VN cities needs strict measures to persuade residents to abandon old polluting motorbikes
Old vehicles are one of the major reasons behind the serious air pollution in urban areas.
The Hanoi Department of Natural Resources and the Environment has proposed a pilot program on measuring vehicle emissions and helping people change their old motorbikes.
Except for a small number of collectors who love vintage and original motorbikes, most of the owners of old motorbikes are low income earners. They use the vehicles as a tool to earn their living.
The program aims to offer low income earners opportunities to buy new motorbikes.
Hoang Duong Tung, chair of the Vietnam Clean Air Network, praised the initiative to run a program measuring motorbike emissions, saying that it will offer recommendations to users on how to check and maintain their motorbikes to ensure safety in traffic, and will help ease air pollution.
Tung stressed that the government, in Decision 16 dated in 2015, wanted to recall and handle expired vehicles from January 1, 2018.
However, it has been difficult to implement because of the lack of regulations on the usage life of motorbikes, and emission source control. As a result, motorbikes are still being used until they become scrap.
In other words, people are being ‘encouraged’ to have emissions checked and to replace their old motorbikes, but it is not mandatory.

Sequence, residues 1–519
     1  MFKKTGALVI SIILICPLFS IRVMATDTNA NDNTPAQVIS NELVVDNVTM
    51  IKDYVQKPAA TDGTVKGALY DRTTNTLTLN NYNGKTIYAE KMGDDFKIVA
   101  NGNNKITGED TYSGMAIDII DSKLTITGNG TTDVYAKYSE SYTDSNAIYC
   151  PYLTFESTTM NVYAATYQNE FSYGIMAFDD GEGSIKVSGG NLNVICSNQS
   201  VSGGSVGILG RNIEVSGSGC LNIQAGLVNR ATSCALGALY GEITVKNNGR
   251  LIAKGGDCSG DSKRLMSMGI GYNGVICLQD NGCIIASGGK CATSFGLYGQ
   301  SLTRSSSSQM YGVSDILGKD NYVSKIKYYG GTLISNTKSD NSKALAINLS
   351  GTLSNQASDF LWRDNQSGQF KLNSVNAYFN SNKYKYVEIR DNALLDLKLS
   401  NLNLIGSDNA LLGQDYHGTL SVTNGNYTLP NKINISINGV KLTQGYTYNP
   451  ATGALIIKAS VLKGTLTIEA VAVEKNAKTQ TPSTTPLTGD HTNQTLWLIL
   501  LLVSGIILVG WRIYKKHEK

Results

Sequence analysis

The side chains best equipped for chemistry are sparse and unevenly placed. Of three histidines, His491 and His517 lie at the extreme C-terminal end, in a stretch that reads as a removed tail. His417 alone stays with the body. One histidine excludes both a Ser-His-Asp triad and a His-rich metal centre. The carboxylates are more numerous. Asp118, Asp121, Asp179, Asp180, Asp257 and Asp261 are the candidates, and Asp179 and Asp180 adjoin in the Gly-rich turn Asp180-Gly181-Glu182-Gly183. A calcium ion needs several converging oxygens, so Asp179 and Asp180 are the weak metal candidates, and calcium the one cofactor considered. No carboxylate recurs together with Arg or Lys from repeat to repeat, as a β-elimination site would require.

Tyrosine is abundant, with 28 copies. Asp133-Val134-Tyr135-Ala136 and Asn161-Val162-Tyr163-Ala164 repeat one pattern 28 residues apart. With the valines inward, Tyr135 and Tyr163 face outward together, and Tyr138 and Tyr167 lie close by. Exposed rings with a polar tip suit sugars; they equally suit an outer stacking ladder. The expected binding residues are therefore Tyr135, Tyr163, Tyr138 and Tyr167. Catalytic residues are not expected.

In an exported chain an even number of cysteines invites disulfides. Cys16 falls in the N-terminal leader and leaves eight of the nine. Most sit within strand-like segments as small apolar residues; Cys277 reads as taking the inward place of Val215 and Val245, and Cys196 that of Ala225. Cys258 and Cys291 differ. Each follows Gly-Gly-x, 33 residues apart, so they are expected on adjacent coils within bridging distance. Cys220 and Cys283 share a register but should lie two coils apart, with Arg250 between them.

City residents, when asked about the program on checking vehicle emissions and replacing old motorbikes, said they found it a good solution to air pollution. However, they had doubts about the program implementation.
“My Honda Cub 50 cc 1995 series is valued at VND4 million. I wonder how state agencies will assess the value if I participate in the program,” said Nguyen Viet Dung in Ha Dong district.
Honda Wave Alpha and Yamaha Serius, the cheapest motorbike models, are priced at no less than VND17-19 million. To buy new motorbikes, people have to pay around VND13-17 million, a big amount for low income earners.
Other people wonder if they can choose the products they like, or if they will have to choose certain models if they receive the prop-up, estimated at VND2-4 million, from the program.
A representative of the environment department said the program needs further design because there are still no motorbike emission standards and the maximum duration for motorbikes needs to be changed.
Moreover, the municipal authorities are still considering restricting personal vehicles and setting up a roadmap on restricting motorbikes by 2030, so the program on old motorcycles cannot be implemented immediately.
The Ministry of Natural Resources and Environment has been compiling a directive of urban air pollution control which is set to be issued in August.
Air quality in HCM City worsened once again on the morning of June 26 with the air quality index (AQI) rising to 161, a level which is considered to be harmful to people’s health, following an evaluation of monitoring application AirVisual.